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$28,000 Hillside Zero Turn Mower | Cub Cadet Pro Z 972 SDL

Tags :  cub-cadet-landing  | 

Neil: Neil from Messick's, here to talk to you today about the Cub Cadet 972 SDL, a very unique, kind of insane $28,000 zero-turn mower. Today, we're going to take some time, walk around this machine, and show you some of the things on this Cub Cadet that are pretty innovative.
[music]
Speaker 1: Messicks's, a helping hand with your land.
Neil: Before we get out of the gate on the specifics of what makes this mower so unique, we probably first ought to talk about Cub Cadet. We tend to associate Cub Cadet mostly with box store mowers. That's where my mind goes at first, is that residential mowing equipment, but the company has long had a line of more commercial-oriented products and increasingly lately some that we're finding surprisingly innovative. We sell a lot of brands of zero-turn mowers, and if we're honest, there's more similarities between all of these companies than there are differences.
At the end of the day, most all these companies are sourcing transmission components, wheel motors, engines from similar companies, and all they're really fabricating is a chassis and motor deck that all these supplier-provided parts sit on. What Cub Cadet has done though has been interesting and a standout to me as far as what's available in the rest of the industry. You're going to see here, we're sitting on a fairly extreme hillside. We're not in the flattest part of the country. Most of us has some swales and slopes around our properties and any anymore if you're building anything commercial, large retention basins like this are a necessity, and many of them having some very steep sides to them.
One of the things that we have always liked out of Cub Cadet's product line that we don't find anywhere else is that it's a zero-turn mower with a steering wheel. Now, it doesn't zero-turn in quite the same way that a traditional mower does, where you could take one tire back, the other tire front and do it with two sticks. You're going to steer here with a steering wheel just like you would on your car or your truck or whatever, but your front wheels are going to actually steer. As you turn this wheel left and right, it steers the front tires while manipulating what will be the two sticks on your zero-turn mower.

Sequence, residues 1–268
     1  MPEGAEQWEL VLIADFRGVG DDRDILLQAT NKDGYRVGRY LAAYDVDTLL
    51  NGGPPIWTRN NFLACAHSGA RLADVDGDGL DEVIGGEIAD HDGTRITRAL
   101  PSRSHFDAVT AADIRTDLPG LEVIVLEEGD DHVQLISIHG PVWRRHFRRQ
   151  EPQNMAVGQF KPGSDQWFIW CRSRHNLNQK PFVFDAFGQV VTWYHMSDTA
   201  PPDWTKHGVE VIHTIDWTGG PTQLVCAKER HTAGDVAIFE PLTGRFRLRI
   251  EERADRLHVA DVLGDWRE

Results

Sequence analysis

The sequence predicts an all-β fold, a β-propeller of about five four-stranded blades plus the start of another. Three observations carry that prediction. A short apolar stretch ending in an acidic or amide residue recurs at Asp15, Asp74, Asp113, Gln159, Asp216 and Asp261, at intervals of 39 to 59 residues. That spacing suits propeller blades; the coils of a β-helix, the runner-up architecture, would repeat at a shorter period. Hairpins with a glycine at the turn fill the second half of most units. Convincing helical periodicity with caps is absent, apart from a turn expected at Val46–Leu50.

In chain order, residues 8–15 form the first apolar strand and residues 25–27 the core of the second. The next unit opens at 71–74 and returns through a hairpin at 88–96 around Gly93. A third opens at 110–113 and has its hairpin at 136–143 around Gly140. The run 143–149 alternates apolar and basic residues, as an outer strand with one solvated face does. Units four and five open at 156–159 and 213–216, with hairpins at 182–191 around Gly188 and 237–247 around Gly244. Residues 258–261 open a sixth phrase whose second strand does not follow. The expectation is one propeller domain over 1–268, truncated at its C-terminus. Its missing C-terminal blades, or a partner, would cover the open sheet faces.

A circular zero turn is possible on this machine, but you've got to go through all the rotations of the steering wheel in order to get there. The big plus for the steering wheel on this hillside that I'm sitting on is that because these wheels are not casters, because they're controlled by this steering wheel, the fact that this machine is sitting here on this hard hillside, the front end doesn't want to run downhill on you constantly. On a traditional zero-turn mower, you're going to run that bottom tire faster than your front tire to give the machine a little bit of twist to hold the front end up while you cut across the slope here, but on this cub cadet, because these front wheels actually steer, that is not necessary.
Now, the SDL in this model number tells us that this is a special slope mower variant of this machine, and that steering wheel setup can be found on a lot of the other Cub Cadet models. What is unique to this machine is the dual back tires and a special setup here on the seat. Now, starting with the dual back tires, by bringing the tire out further, you're obviously going to have better stability on a hillside. If you rock this machine over, even on this hard hill, it's going to hold that hillside much better because the pivot point to roll the machine over is brought out that much further by bringing that tire out.
It's also going to be a little bit more chunky tire. It's going to give you more attractive surfaces, more places to bite across these tires, again, in order to hold onto the hillside. Now, anytime that you add dual tires onto a machine like this, setups like this are possible using some aftermarket components or we'll frequently see it over in big farm tractors. Anytime you do this, you put a lot more strain on the bearings back on the inside axle housing. Now, in order to accommodate these tires, Cub Cadet didn't just bolt an extra tire on the outside. They also use an upgraded hydraulic motor on the inside that has a more stout wheel bearing in order to actually support the added force from this setup.
Now, the hillside innovations don't stop at the steering wheel and the dual tires. There's also a really unique feature here on this seat. Now, as I'm cutting across this hillside, leaning to the right continuously to level myself out so it doesn't feel like I'm going to fall off this seat doesn't feel real good, and especially here when you've got huge retention swivels like this and a lot of hillside mowing to do, it's not fun. Reaching down here below the seat, you can actually release this pin and this seat can twist. I can sit here perfectly level on the seat while the rest of the machine pivots around me.